The normal heartbeat is initiated by an electrical impulse generated approximately once per second (60 times per minute) in an area of the right atrium called the sinus node. For this reason, normal heart rhythm is called “normal sinus rhythm.” This impulse spreads through the atria, causing them to contract, and then spreads down to the ventricles, causing them to contract.

    In most of us, there are other areas of the heart (in the atria, the ventricles, or the area between the atria and ventricles, called the atrioventricular node) that are capable of generating an electrical impulse and causing the whole sequence that leads to contraction of the ventricles and a heartbeat. Simply put, if the heartbeat is initiated by the sinus node in the right atrium, it is called a normal heartbeat. If it is initiated from anyplace else, it is often called an “ectopic” or “extra” beat. Almost everyone has at least some ectopic beats, and when we do a Heart Monitor test (either the old Holter Monitor, or the newer 14-day Zio monitor), it is rare not to see at least a few ectopic beats (“a few” might be defined as less than 1% of the total beats). Since everyone has them, it is hard to call them “abnormal.” Certainly for most people they are benign, and pose no danger.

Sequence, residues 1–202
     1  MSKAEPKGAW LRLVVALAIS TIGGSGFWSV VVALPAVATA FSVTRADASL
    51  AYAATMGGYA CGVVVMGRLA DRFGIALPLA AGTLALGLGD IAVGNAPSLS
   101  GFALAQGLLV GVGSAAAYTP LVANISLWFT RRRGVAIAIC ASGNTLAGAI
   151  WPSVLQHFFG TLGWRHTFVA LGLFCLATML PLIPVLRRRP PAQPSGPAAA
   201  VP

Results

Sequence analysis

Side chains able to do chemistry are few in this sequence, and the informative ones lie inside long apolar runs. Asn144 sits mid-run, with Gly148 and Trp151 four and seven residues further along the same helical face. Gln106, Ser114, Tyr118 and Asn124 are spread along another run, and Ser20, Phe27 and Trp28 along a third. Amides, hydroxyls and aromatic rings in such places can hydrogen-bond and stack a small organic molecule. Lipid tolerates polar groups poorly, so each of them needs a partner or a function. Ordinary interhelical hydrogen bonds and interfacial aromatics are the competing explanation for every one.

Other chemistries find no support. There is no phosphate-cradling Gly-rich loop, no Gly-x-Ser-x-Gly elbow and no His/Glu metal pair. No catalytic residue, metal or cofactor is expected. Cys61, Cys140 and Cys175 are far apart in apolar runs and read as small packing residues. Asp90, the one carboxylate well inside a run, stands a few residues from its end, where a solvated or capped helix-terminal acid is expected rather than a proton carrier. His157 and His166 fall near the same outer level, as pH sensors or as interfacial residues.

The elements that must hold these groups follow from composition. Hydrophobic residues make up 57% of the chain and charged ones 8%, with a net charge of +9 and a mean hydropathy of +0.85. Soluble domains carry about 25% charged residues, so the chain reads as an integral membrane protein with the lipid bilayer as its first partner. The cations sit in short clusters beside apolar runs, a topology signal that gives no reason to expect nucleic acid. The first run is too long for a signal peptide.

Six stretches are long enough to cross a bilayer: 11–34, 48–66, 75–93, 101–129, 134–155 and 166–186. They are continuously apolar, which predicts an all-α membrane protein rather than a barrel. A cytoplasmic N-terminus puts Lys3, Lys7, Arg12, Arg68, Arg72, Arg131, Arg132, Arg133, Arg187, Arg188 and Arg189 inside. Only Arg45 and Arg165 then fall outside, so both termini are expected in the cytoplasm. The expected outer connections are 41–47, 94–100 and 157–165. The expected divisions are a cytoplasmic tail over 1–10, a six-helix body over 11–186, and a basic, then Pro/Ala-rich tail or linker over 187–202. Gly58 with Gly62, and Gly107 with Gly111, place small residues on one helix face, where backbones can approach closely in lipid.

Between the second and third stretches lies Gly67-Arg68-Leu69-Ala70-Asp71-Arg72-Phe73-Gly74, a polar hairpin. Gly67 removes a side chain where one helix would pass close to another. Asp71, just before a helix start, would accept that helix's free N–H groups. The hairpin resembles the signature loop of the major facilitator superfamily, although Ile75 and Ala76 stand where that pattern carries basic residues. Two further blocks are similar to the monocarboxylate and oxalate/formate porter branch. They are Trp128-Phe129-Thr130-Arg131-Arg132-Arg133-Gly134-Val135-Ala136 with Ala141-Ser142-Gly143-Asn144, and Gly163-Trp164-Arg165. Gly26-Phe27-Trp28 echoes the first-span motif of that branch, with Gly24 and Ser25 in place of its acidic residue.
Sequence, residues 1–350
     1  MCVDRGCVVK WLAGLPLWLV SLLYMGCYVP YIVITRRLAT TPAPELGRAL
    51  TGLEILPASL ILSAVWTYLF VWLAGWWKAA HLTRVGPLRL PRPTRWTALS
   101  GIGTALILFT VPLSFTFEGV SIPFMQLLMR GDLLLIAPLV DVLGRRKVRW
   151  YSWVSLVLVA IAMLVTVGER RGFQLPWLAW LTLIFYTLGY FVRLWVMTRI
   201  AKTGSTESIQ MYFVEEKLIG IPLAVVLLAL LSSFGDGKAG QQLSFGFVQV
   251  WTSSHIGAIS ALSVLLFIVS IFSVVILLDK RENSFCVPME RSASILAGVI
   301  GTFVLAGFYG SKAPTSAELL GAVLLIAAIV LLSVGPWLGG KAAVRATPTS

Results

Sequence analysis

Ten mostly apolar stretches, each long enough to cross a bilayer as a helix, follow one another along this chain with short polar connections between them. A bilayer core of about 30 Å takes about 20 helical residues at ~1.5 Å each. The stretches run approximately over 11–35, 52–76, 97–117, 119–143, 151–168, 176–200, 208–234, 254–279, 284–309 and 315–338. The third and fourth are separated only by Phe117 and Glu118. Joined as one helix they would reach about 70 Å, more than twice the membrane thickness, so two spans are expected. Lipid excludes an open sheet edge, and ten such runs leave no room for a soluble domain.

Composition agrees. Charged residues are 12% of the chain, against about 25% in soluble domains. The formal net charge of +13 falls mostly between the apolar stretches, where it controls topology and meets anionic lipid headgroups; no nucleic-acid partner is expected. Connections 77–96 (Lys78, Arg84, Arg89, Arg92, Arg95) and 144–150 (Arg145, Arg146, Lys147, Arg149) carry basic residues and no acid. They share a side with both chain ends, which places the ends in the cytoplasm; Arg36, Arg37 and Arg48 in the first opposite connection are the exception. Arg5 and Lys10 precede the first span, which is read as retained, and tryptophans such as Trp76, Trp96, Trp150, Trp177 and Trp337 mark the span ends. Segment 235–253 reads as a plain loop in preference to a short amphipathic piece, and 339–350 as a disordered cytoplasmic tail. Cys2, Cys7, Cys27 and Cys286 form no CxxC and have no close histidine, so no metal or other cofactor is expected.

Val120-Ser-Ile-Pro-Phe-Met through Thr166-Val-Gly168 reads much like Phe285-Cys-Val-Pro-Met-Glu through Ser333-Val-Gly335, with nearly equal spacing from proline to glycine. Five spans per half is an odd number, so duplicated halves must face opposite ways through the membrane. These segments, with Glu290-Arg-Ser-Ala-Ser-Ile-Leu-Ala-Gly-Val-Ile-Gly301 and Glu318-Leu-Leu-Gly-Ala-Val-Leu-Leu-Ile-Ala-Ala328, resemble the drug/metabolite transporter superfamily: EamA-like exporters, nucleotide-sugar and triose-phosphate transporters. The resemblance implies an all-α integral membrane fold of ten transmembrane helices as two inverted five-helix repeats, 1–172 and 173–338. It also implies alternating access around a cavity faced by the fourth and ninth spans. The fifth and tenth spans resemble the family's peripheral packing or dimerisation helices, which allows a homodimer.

Ectopic or extra beats are abnormal when they become more frequent, and especially if they lead to an arrhythmia (medical term for a heart rhythm disturbance), such as atrial fibrillation, prolonged supraventricular tachycardia (SVT), or ventricular tachycardia (VT). The definition of each of these arrhythmias is beyond the scope of this column.

     

    BOTTOM LINE: Suffice it to say, if you are having palpitations and sense that your heart is jumping around, skipping a beat, irregular, or racing without any explanation, see a cardiologist and get an EKG, and if needed, a Heart Monitor test.